Terry Anderson's sister says she is happy for freed Americans returning home from the Mideast this week but angry that her brother remains captive nearly six years after being yanked from a Beruit street.

"This is not the first time, nor the second nor the third time that our families have stood back and watched other hostage situations being resolved," Peggy Say said Tuesday on NBC's "Today" show,While happy for those families, Say said she is "angry and frustrated that the Beirut hostages have been known as the forgotten hostages for almost six years now. And nobody seems to be angry about that.

"I listened to President Bush and senators and congressmen stand up on television and say America will not tolerate the holding of its citizens. And my brother has been chained to a wall in a dirty basement cell in Beirut - this will be his sixth Christmas.

"For years we listened to `quiet diplomacy is the answer.' Quiet diplomacy is not the answer," she said, stressing that nothing will be done "until people in the media put the feet of the administration to the fire."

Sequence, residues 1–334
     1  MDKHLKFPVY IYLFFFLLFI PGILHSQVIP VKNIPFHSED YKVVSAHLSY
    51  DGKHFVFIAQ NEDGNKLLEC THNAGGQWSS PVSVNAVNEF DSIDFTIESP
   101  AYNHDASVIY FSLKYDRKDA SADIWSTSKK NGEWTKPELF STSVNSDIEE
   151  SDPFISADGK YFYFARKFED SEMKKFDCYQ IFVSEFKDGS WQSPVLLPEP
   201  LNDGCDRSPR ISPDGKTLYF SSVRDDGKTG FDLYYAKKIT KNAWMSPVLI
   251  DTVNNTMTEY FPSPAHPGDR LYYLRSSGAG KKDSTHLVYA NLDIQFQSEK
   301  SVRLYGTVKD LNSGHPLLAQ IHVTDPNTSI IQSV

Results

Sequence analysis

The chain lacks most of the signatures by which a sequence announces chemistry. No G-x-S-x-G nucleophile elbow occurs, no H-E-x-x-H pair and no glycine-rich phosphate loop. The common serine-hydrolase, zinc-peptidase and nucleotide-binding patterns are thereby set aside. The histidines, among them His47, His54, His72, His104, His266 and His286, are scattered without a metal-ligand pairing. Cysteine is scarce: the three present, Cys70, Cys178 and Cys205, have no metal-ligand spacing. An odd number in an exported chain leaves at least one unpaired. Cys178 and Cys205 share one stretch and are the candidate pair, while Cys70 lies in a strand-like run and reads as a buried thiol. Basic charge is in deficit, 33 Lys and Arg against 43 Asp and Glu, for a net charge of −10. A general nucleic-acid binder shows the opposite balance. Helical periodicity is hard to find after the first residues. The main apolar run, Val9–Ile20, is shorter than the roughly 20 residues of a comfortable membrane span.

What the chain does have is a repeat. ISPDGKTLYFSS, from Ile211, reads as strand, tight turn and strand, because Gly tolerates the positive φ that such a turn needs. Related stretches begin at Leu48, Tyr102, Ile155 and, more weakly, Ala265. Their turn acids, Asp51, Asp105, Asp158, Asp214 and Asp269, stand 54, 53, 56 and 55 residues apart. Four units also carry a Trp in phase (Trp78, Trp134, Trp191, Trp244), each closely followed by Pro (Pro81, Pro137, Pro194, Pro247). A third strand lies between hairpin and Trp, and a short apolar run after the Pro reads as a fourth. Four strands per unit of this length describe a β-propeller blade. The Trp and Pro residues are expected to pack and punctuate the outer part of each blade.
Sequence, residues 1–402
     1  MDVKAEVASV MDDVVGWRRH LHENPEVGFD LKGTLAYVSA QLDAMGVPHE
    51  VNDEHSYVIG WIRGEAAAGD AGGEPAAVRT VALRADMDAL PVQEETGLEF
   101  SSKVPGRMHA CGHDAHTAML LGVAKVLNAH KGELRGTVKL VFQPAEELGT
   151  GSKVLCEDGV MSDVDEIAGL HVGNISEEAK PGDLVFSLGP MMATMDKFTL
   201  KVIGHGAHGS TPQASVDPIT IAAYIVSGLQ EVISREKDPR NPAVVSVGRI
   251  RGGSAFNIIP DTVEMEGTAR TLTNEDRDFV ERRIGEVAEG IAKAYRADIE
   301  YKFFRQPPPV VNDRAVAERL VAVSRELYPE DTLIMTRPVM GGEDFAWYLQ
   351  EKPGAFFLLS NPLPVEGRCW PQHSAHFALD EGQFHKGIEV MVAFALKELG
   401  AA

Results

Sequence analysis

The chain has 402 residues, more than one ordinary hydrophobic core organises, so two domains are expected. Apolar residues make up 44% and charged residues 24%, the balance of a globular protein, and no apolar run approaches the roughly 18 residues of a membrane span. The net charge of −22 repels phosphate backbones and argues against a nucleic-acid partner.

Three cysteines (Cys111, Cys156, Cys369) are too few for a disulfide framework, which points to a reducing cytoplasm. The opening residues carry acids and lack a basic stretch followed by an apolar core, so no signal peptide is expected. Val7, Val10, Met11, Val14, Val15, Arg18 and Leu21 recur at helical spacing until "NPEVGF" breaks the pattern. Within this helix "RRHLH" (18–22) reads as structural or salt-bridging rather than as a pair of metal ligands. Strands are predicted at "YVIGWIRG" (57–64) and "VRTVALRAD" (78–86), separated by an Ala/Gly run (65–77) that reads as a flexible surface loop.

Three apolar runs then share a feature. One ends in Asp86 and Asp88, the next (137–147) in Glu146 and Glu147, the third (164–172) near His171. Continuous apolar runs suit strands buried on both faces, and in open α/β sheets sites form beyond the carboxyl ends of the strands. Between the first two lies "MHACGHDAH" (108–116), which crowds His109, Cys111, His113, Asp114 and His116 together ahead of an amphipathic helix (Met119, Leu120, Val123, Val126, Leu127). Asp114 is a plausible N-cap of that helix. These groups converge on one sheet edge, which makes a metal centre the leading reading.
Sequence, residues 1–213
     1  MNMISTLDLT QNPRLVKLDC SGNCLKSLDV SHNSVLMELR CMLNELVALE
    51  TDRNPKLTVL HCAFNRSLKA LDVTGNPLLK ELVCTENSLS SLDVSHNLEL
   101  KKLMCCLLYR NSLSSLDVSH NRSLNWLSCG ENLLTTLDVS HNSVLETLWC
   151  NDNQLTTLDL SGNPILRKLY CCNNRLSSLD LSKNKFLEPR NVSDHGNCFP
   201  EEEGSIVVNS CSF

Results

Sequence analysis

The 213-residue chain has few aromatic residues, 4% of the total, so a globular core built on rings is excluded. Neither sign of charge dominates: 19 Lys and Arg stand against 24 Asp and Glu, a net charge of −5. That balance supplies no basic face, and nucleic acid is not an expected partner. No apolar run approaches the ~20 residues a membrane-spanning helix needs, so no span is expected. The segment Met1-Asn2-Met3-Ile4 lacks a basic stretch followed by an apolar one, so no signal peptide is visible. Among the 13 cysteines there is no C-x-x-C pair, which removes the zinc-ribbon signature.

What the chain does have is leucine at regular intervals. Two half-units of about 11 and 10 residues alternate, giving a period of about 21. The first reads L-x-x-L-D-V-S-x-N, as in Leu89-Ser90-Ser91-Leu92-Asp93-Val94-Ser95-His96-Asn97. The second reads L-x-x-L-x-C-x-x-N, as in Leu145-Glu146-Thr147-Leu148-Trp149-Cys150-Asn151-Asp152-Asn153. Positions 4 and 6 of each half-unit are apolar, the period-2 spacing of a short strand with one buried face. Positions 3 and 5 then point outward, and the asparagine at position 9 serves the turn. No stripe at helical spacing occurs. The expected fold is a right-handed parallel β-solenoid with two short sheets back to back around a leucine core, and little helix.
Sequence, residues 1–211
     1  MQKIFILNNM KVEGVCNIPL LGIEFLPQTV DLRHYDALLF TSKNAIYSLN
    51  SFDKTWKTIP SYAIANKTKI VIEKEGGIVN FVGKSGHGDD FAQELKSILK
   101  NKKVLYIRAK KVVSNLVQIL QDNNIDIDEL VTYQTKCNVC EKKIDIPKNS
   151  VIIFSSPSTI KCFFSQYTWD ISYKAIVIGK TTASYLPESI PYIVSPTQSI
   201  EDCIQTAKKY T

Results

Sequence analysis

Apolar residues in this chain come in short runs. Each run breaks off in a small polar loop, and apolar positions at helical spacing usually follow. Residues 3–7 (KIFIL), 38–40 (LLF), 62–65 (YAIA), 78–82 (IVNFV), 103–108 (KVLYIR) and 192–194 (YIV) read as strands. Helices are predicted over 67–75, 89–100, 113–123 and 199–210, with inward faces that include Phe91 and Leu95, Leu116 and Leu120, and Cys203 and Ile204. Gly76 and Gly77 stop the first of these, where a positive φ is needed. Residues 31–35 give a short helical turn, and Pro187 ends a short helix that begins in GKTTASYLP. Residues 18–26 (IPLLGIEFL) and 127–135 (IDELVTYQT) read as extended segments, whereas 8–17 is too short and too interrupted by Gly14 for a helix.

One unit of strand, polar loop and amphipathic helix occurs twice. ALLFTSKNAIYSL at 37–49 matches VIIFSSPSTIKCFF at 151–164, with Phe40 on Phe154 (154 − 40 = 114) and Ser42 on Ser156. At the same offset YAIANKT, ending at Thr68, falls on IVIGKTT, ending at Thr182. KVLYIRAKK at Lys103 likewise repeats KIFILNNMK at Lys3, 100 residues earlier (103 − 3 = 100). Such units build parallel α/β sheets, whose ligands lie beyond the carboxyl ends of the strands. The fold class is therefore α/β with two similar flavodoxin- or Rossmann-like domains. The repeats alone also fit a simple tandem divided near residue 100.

Anderson, The Associated Press' chief Middle East correspondent, was kidnapped March 16, 1985. He has been in captivity the longest of the six Americans and seven other Western hostages held by radical Moslem groups in Lebanon.

Say, in a letter to Bush published in part in USA Today, asks: "When did my brother get lost in the course of human events, Mr. President? Who declared his life and liberty less valuable than that of any other hostage ever taken?"

She noted that the last picture she received, from Irishman and former hostage Brian Keenan, showed Anderson pedaling an exercise bicycle with an 18-inch chain holding his wrist to the wall.